This blog is intended to go along with Population: An Introduction to Concepts and Issues, by John R. Weeks, published by Cengage Learning. The latest edition is the 12th (it came out in 2015), but this blog is meant to complement any edition of the book by showing the way in which demographic issues are regularly in the news.

If you are a user of my textbook and would like to suggest a blog post idea, please email me at: john.weeks@sdsu.edu

Saturday, April 21, 2012

Why Are We Deporting These Parents of US Citizens?

Thanks to Rubén Rumbaut for pointing out to me an Op-Ed piece in today's New York Times written by Hirakazu Yoshikawa and Carola Suárez-Orozco. In the absence of any Congressional action on immigration reform, the Obama administration has been out there rounding up undocumented immigrants in unprecedented numbers, seemingly without regard to whether or not the people being deported are parents of US citizens.
Research by the Urban Institute and others reveals the deep and irreversible harm that parental deportation causes in the lives of their children. Having a parent ripped away permanently, without warning, is one of the most devastating and traumatic experiences in human development.
This is bad enough on the face of it, but it turns out to be even contrary to what President Obama said his administration was all about.
Last May, President Obama told an audience in El Paso that deportation of immigrants would focus on “violent offenders and people convicted of crimes; not families, not folks who are just looking to scrape together an income.”Two weeks ago, however, the Department of Homeland Security released a report that flatly belies the new policy.  From January to June 2011, Immigration and Customs Enforcement removed 46,486 undocumented parents who claimed to have at least one child who is an American citizen.In contrast, in the entire decade between 1998 and 2007, about 100,000 such parents were removed. The extraordinary acceleration in the dismantling of these families, part of the government’s efforts to meet an annual quota of about 400,000 deportations, has had devastating results.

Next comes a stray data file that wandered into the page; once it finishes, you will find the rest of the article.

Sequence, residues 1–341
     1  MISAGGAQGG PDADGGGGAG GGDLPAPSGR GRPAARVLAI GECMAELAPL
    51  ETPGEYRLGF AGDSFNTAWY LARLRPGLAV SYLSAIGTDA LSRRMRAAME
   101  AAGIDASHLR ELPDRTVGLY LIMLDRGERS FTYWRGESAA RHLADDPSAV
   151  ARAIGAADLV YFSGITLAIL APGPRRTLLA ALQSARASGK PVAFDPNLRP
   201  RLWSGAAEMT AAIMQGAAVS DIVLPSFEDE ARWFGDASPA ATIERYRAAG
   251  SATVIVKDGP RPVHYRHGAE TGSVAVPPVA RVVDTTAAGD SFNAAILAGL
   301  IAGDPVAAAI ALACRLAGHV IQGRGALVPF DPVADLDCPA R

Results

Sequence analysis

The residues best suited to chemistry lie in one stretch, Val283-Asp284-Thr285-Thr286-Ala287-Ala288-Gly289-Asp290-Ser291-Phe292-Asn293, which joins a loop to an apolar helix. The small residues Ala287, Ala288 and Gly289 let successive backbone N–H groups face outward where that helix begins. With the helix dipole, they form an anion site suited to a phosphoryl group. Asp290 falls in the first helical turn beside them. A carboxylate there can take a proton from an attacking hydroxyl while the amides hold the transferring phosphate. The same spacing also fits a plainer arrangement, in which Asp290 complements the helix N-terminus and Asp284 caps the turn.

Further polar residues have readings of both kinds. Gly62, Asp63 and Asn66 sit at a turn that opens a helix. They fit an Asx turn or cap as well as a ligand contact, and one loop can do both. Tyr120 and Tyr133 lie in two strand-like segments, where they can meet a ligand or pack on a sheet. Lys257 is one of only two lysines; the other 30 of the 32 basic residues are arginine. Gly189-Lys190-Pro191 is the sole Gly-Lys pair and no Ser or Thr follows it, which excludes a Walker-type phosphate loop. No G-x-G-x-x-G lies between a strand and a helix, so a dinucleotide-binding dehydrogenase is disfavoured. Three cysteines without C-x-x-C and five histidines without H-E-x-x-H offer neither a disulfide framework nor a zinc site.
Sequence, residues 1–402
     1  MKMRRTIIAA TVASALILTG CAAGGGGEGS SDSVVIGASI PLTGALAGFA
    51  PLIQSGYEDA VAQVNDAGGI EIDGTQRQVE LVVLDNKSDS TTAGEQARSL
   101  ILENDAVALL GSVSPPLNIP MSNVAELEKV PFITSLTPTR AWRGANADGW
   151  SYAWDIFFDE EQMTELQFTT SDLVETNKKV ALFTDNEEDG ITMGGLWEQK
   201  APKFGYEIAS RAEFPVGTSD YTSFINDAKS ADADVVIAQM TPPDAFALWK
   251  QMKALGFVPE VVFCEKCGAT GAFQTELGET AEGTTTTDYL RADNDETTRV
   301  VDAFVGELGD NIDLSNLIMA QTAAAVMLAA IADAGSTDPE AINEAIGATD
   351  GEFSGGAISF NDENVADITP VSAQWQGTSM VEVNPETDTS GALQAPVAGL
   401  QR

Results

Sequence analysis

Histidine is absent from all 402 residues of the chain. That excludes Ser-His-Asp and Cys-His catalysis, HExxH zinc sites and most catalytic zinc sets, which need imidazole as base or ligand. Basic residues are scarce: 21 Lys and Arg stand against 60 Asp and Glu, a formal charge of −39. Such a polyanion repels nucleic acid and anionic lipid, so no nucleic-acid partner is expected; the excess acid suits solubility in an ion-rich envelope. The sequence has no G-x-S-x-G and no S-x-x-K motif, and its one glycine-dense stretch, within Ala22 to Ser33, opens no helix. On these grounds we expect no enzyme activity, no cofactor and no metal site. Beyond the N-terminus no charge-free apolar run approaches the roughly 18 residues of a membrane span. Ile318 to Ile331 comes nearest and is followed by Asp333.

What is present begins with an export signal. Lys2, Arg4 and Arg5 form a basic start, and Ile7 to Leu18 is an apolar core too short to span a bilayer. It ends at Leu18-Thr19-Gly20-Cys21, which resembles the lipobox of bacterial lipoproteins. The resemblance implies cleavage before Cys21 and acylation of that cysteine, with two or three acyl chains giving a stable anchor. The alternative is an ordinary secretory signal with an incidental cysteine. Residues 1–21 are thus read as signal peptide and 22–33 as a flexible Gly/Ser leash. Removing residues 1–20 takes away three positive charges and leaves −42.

Now, to be sure, in the "old days" (a few decades ago) the children would have been deported along with parents. The government technically has no right to deport a US citizen without due process-- although this certainly happens on a regular basis--so it is administratively easier to deport the undocumented immigrants and leave the US citizen children behind in the US. After all, when the child reaches age 18, he or she can apply to have the parents legally admitted to the US (although that will be frowned upon since they have been deported...).

Yoshikawa and Suárez-Orozco draw on their research for the following observations about what is going on:
In the long run, the children of deportation face increased odds of lasting economic turmoil, psychic scarring, reduced school attainment, greater difficulty in maintaining relationships, social exclusion and lower earnings. The research also exposes major misconceptions about these parents.
First, statistics about those who were deported in 2011 show that 45 percent were not apprehended for any criminal offense. Those who were, were usually arrested for relatively minor offenses, not violent crimes.
Second, most American-born children of undocumented parents are not “anchor babies”; most of the parents have lived and worked in the United States for years before having their first child. “Birth tourism” is a xenophobic myth.
What can one say? It seems almost unbelievable that things like this can be happening. 

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